Airline furloughs are a new and badly needed source of momentum for coronavirus relief negotiations


The public tone of those involved in coronavirus relief negotiations has grown more optimistic after weeks of little negotiating at all. “We’re going to go back and do a little more work again,” Treasury Secretary Steven Mnuchin told reporters Wednesday as he left the Capitol. “I think we’ve made a lot of progress in a lot of areas.” House Speaker Nancy Pelosi said, “Our conversation will continue.”

One explanation for the movement is waning time. The election draws nearer, as does the end of the House’s scheduled session, and the economic challenges continue. An alternative and especially compelling explanation is that Wednesday was a deadline that everyone feared but knew was coming for months. Airlines started furloughing tens of thousands of employees on Thursday, as a CARES Act condition expired that had barred airlines from furloughing employees if they took payroll grants.

American Airlines has started to furlough 19,000 workers now that the passing of the Wednesday deadline legally allows it to, and United Airlines says it will furlough more than 13,000. Some others, including Southwest Airlines and Delta Air Lines, have been able to avoid large-scale involuntary furloughs because enough workers decided to leave on their own, though Delta does plan to furlough some 1,700 pilots in November without a relief deal or a deal between the company and the pilot union.

The hit to workers at American and United has also been less severe than airline leadership had warned earlier in the summer because employees who took voluntary leave packages helped to cut payroll costs, though an insufficient number did so as to avoid involuntary furloughs.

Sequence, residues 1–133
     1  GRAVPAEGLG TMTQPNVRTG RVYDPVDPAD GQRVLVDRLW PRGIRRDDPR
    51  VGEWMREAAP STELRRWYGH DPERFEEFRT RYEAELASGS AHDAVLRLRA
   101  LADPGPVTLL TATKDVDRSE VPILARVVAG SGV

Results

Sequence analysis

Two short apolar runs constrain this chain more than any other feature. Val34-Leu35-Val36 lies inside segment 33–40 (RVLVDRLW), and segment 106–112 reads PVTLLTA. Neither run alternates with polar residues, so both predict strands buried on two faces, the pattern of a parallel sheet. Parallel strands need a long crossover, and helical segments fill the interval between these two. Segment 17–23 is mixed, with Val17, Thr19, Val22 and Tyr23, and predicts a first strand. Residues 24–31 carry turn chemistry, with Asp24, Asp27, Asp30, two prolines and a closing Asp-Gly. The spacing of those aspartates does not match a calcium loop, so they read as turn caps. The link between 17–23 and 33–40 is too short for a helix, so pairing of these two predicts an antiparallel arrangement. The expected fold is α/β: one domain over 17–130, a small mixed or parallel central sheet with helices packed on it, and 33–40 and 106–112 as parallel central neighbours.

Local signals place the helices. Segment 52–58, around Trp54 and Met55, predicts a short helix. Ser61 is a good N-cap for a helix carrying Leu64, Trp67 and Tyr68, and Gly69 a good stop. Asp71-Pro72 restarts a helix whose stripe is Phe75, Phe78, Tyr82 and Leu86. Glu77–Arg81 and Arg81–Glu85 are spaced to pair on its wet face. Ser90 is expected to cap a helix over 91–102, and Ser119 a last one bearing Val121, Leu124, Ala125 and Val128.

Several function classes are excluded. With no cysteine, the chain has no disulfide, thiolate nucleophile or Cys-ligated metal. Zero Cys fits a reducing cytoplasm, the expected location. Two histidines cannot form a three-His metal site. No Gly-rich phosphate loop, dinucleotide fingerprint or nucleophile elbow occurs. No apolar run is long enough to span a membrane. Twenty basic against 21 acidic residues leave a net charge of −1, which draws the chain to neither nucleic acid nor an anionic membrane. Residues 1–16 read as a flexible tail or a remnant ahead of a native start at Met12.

The main reason these furloughs look like a new source of momentum for coronavirus relief negotiations is that other key aid programs that were included in the CARES Act expired months ago, including a boost to unemployment insurance and the critical payroll protection program. Those expirations did little to move Democratic and Republican negotiators closer on a deal. Statements from Mnuchin and Pelosi on Wednesday suggest there is some new movement.

The airlines provide the economy with a unique service and contribute nearly $2 trillion to GDP annually. Pelosi, members of the Trump administration, and many in Congress have recognized the importance of their viability and expressed support for an extension of payroll support for them. The administration even entertained an executive order on airline payroll relief, and White House press secretary Kayleigh McEnany said Thursday that the administration would support a standalone bill for airlines.

A coronavirus relief package is not yet guaranteed, but the airline furloughs may be the economic blow that results in a sealed deal.

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